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In Honor of Veterans Day: The Experiences of Military Families
Members and families of the United States military have a strong commitment to serve. Service members work long hours, and families experience constant moves and deployments.
Transitions may lead to tension, disconnect, and conflict between parents. About 75% of military couples get divorced. When a family breaks up, parents and children of all ages feel helpless, sad, frightened, guilty, and angry.
Children can’t wait until the day their mommy or daddy is home for good. Everything will be great then! But many children are left sad and don’t understand why parents begin to argue or ignore each other, why they are not playing games or having family dinners, why their parent who was gone for so long now doesn’t want to talk with them or attend their sporting events. They are confused, wondering why this parent just sits in front of the TV or is always working on the car or keeps talking to themselves or struggles to walk due to an injury in combat.
At Kids’ Turn San Diego, our goal is to change family relationships in positive ways so children experiencing family separations and military transitions are happier. In our programs, both children and their parents participate. Children realize for the first time that they are not alone in their family situation. They finally feel “normal.” They learn new ways to express their feelings and realize that their parent’s behavior is not their fault, freeing them from self-blame. Parents learn communication tools, coping skills, and ways to put their children first in family decisions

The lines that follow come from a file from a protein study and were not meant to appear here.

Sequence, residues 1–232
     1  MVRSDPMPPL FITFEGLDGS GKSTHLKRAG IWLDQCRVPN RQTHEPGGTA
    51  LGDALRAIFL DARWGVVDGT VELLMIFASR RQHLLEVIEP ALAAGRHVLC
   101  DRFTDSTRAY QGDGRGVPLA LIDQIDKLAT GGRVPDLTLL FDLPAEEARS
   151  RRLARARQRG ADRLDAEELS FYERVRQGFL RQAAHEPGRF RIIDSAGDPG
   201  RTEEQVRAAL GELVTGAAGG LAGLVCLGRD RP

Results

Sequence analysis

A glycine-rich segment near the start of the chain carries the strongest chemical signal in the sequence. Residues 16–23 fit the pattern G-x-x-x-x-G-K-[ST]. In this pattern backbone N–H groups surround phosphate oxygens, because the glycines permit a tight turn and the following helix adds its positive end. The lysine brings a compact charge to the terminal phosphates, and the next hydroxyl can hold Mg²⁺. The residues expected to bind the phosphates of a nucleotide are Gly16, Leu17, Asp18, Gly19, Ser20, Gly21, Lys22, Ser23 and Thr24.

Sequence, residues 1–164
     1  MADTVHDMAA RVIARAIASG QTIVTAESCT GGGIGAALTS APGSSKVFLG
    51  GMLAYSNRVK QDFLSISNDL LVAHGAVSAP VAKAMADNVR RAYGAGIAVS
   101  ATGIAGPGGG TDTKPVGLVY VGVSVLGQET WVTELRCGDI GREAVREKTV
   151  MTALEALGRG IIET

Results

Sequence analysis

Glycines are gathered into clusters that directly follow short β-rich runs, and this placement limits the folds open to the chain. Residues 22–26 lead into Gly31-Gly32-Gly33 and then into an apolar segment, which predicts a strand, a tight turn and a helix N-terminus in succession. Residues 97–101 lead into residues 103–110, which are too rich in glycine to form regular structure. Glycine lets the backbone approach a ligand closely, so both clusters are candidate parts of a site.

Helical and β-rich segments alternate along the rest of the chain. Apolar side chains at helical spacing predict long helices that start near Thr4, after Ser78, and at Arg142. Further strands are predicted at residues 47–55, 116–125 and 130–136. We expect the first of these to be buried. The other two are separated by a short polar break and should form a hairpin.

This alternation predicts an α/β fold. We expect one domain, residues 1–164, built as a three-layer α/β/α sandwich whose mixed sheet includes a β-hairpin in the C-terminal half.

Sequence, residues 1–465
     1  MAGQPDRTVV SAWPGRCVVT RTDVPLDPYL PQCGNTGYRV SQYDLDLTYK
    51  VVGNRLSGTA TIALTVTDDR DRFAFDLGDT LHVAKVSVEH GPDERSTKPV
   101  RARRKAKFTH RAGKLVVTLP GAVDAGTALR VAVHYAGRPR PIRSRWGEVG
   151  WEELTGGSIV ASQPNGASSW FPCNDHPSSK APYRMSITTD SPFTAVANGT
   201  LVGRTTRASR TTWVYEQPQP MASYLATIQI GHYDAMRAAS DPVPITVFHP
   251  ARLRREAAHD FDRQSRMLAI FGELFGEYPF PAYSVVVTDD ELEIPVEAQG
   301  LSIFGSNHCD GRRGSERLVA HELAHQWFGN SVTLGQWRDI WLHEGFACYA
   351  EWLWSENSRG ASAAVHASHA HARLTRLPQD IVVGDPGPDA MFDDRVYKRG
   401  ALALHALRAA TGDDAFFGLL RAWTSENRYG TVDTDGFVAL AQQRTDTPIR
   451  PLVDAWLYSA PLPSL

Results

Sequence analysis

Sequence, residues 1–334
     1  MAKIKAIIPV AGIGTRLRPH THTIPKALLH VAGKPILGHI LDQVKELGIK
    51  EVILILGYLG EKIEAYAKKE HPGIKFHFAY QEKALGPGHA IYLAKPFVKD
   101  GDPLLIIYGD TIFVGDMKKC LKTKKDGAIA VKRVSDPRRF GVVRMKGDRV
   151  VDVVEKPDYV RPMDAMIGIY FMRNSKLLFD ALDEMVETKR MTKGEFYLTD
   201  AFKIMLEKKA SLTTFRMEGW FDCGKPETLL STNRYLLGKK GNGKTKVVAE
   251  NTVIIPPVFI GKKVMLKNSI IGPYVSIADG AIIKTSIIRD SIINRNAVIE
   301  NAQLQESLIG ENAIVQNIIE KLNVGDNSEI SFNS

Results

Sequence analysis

In celebration of Veterans Day, spend the day with your children! Here are some ideas:
- Visit the Veterans Museum at Balboa Park
- Take a tour of the USS Midway
- Go to a Veterans Day Parade in your community
- Visit the Flying Leatherneck Aviation Museum at MCAS Miramar
- Talk with your children about the history of our country
- Put a flag out to honor Veterans Day
- Wear a red poppy or yellow ribbon to show support
More interested in hanging out at home? Try some of these ideas:
- Put your cell phone down and do something fun with your child. Younger children enjoy imaginative play like tea parties or superhero adventures. Children ages 7-12 tend to enjoy board/video games, and older children like to listen to music, play video games, or simply hang out—without parents asking questions or giving advice. Children of all ages feel important and cared for when you pay attention to them.
- Encourage your children by using phrases like:
- “You’re so much fun to be around!”
- “Can I put this on the bulletin board at work or on the refrigerator?”
- “I’m so lucky to be your parent.”
- Try to catch your child doing something good and notice it aloud.
- “You are such a good big brother/sister.”
- “I love how you are teaching your younger sibling how to…”
- “I saw that you got an A on your math test—great job!”
- Encourage your child’s relationship with their other parent or grandparents. One way is to help them make birthday cards or Mother’s/Father’s Day cards. Things that are handmade are oftentimes the most treasured gifts we receive from others.
- Listen to your children without giving advice or trying to solve their problems.
Being in the military is a family commitment. In honor of Veterans Day, Kids’ Turn San Diego salutes all military-connected family members. Thank you all for your commitment and service!